Hints of the Spiritual

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Peter V. Ross

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You speak rather doubtingly about consciousness as a name for man; and when I suggest intelligence as another good name, you are not quite sure about it. Well, you would hardly care to be referred to as nonintelligence or even as unconsciousness. Really, if you reflect a moment, you satisfy yourself that those two words, intelligence and consciousness, are tremendous in their signification.

When one thinks of himself in terms of thought rather than of physicality, he walks the broad highway of the animate, the enduring, the substantial. It is when one thinks on materiality and mortality, with their limitation and impermanence, that one is likely to lose hope and wonder what is going to become of him.

We all think; we are all conscious. In fact thinking is perpetual motion. Who can stop either his own or others‟ thinking? To think is to live; and to be conscious is to be aware of life. The sum total of your thoughts constitutes your entity, and the sum total of your thoughts comes pretty close to being consciousness, does it not? It is you.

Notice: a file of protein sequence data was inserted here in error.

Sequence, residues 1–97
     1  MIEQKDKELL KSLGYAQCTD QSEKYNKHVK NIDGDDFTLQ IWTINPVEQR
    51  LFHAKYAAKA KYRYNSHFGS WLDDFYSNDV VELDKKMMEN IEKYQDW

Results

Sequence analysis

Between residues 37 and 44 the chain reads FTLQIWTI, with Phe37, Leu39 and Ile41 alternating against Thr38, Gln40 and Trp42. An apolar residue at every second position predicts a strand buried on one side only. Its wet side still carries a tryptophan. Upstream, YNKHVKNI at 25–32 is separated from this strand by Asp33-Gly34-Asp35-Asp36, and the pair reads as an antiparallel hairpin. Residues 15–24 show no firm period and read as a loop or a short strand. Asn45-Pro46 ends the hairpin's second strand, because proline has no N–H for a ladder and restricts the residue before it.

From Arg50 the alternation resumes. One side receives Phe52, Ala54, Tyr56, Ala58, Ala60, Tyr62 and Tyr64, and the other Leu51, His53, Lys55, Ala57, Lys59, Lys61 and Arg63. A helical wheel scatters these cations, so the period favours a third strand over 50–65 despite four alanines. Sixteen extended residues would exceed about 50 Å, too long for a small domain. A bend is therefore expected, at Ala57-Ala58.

“To think is to live; and to be conscious is to be aware of life.”

Peter V. Ross

Intelligence and consciousness enjoy a security that promotes confidence. Theirs is that place of refuge known as “under the shadow of the Almighty.” Dangers and enemies, whether in the form of disease or of violence, cannot touch intelligence. It is invulnerable and unassailable. It represents spiritual man, that is, it represents you in genuine form, color, structure, and function.

Intelligence and consciousness enjoy a security that promotes confidence. Theirs is that place of refuge known as “under the shadow of the Almighty.” Dangers and enemies, whether in the form of disease or of violence, cannot touch intelligence. It is invulnerable and unassailable. It represents spiritual man, that is, it represents you in genuine form, color, structure, and function.

Your Servants, the Body and Intellect

But man, as we appraise him in everyday affairs, is in need of some means or instrument of contact with the world about. Hence it is, we may say, that consciousness evolves a body; and an intellect too, for that matter. Consciousness commands both body and intellect and depends upon them to get its work done. The heavier work is assigned to the body. It becomes one‟s chore boy so to speak. While to the intellect, of finer mold than the body, is assigned the lighter jobs, and it becomes the secretary.